Breakthroughs in IR detectors have occurred “in literally the last five or 10 years — and we are not done yet. There is no question that the industry is still on the track of reducing size, weight and power (SWaP) improving performance on all of these devices,” said Vos. “We build a highly integrated sensor flight control system boxes; the smallest one is four ounces and it includes everything you need to fly a small UAV in terms of sensing and processing.”
To build the system, the company leveraged technologies “developed for consumer and automotive markets and then repacked that (and) qualified it at more stringent levels … to use it in the UAV market.”
The sensor technologies are, however, advancing at different paces, often dictated by the economics of the market, Vos said. For example, radars are not advancing at the same performance pace in terms of SWaP as the EO spectrum video. (“Consumers don’t need radars,” Vos said.) However, that might be changing as Frequency Modulated Continuous-Wave radar “is showing up in the luxury autos as collision detection systems, so that is driving those radars SWaP down,” Vos added.
Manufacturers of all categories of UASs are keeping tabs on developments in payloads, and integrating them into their platforms, within the necessary size, weight and power limitations.
“Over the last three years, for example, we have upgraded our infrared camera three times,” starting with a long-wave IR, transitioning to a mid-wave IR in 2009 and then a second generation MWIR in July 2010, said Ryan Hartman, vice president of sales and marketing at Insitu.
Insitu offers a family of UAVs including the ScanEagle; NightEagle; Inceptor, an unmanned helicopter; and the Integrator, which won the U.S. Navy’s Small Tactical Unmanned Aircraft System contract valued at $43.7 million over two years.
The company gets its payloads from Hood Technology, of Hood River, Ore., which integrates into the off-the-shelf payload technologies from vendors including DRS Technologies and FLIR Systems. The MWIR “enables our warfighters to see at night as if they were operating in the day... (and) differentiate between people in an image carrying a tool versus weapon,” he said.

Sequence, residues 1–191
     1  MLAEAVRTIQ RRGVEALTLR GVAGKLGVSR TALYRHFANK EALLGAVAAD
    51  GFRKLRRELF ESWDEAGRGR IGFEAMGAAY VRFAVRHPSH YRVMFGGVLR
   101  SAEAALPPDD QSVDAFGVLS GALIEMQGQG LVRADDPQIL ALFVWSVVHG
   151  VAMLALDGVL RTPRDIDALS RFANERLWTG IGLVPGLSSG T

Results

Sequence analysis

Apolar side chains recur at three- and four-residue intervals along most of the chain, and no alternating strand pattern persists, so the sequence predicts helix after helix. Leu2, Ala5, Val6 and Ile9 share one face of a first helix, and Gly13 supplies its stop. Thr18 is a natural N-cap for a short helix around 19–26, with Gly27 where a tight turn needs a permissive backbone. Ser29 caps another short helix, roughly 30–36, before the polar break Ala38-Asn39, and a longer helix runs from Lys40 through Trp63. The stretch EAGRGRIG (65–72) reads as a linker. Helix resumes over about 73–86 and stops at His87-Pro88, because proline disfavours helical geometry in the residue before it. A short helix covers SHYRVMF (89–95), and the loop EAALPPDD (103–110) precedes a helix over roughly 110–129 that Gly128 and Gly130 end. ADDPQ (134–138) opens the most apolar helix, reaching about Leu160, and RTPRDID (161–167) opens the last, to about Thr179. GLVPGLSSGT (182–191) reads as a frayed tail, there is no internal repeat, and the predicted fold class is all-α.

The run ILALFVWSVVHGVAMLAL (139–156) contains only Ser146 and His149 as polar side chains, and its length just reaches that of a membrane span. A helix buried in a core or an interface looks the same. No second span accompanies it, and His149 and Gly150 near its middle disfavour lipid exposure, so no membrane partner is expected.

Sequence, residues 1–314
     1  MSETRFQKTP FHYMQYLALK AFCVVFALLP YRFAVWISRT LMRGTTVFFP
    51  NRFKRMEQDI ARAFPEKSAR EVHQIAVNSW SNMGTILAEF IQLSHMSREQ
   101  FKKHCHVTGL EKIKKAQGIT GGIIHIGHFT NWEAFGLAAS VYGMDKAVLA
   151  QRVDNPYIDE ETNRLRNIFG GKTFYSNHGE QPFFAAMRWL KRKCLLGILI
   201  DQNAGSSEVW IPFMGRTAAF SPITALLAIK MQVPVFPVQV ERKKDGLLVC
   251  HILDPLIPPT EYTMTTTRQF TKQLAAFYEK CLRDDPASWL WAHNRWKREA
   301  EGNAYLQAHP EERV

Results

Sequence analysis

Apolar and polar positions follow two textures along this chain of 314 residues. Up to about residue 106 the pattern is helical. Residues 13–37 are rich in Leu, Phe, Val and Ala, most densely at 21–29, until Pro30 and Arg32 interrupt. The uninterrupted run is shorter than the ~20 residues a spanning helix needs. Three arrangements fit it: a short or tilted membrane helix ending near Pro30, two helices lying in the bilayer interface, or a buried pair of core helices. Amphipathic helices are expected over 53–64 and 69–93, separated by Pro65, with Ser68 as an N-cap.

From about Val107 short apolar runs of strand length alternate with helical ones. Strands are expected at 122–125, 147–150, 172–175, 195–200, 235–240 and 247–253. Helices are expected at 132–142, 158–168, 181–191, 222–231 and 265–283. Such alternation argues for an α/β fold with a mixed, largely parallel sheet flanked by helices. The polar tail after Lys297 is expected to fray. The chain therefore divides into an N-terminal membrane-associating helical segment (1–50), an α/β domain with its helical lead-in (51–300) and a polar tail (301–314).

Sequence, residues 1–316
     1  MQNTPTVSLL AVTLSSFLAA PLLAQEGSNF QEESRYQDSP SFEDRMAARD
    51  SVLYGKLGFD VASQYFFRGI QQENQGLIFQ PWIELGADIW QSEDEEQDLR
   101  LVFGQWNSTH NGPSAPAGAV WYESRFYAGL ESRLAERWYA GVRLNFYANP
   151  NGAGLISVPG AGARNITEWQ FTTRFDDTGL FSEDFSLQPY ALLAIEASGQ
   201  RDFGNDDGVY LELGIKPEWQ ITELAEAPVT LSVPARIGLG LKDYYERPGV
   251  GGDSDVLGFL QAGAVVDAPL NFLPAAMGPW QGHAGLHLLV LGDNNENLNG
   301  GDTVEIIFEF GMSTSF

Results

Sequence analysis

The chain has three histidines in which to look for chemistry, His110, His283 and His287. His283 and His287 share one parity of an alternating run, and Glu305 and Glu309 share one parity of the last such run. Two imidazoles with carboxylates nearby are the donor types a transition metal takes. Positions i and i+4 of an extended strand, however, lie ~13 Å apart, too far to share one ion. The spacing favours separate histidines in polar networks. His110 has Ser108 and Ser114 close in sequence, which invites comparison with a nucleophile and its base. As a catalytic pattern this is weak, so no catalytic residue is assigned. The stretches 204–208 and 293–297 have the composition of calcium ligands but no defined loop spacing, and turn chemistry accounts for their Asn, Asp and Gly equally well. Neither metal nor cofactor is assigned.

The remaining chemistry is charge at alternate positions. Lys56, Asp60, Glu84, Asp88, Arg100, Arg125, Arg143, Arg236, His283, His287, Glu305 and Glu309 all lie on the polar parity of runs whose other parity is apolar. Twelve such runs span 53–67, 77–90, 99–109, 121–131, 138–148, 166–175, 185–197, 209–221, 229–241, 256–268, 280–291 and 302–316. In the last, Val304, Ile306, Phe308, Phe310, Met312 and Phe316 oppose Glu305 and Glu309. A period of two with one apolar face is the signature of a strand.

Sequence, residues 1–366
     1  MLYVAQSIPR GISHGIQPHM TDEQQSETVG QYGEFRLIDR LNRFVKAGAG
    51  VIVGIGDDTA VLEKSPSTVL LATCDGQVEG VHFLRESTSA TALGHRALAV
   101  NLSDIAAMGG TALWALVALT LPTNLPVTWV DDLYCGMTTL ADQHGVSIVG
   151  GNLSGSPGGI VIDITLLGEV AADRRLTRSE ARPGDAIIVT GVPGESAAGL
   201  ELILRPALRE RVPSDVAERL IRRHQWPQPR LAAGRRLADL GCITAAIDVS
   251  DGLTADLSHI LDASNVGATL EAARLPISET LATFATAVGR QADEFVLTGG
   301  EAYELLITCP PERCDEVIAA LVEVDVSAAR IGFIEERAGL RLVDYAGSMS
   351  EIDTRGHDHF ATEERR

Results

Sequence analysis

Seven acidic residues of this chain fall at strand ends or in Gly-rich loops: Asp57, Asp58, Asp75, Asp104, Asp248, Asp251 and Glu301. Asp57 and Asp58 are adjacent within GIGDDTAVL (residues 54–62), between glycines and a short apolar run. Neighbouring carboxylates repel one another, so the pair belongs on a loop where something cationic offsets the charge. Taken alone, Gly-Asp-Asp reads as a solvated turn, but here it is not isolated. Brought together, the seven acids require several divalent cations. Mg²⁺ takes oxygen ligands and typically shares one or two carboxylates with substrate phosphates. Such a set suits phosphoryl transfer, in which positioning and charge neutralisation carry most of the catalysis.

The Integrator is, in fact, designed to allow for payload flexibility with “an integrated multifunction sensor integrated into the nose and an additional payload bay available for any payload or payloads yet to be conceived,” Hartman said.
AAI Unmanned Aircraft Systems said it is also seeing an acceleration of change with regard to the UAS sensor payload technologies. “If you were in the U.S. Army and were going to use an unmanned vehicle to lase a target back in 2002, you needed to use a 1,600-pound Hunter aircraft carrying a several hundred pound payload,” said Steve Reid, senior vice president and general manager, AAI Unmanned Aircraft Systems. “Two years ago we rolled out that capability in a 470-pound Shadow aircraft carrying about a 40-pound payload.
“We know there are payloads in development that will be able to do a similar laser designation mission on a 60-pound aircraft with a 15 or so pound payload … and hope to be able to flight test (them) on our smaller Aersonde later this summer,” Reid said. AAI said it is also planning to flight test SAR payloads on the Shadow UAS this summer on two test aircraft it developed and built with two test aircraft with “two technology partners representing SAR capabilities,” Reid said.
“What we did is expand Shadow to a two bay configuration; the idea is we would still retain our EO/IR capability but also carry (the new technology) on the same mission,” he said. The Shadow currently uses a gimbaled plug-in optical payload (POP) 300 EO/IR sensor from Tamam, a division of Israel Aerospace Industries.
AAI is also exploring possibly adding SIGINT and electronic warfare capability, said Reid. In the case of SIGINT, “there is some funded work underway (with our customer) to take a look at it. I don’t want to set too high expectations there. It is more laboratory feasibility at this stage.”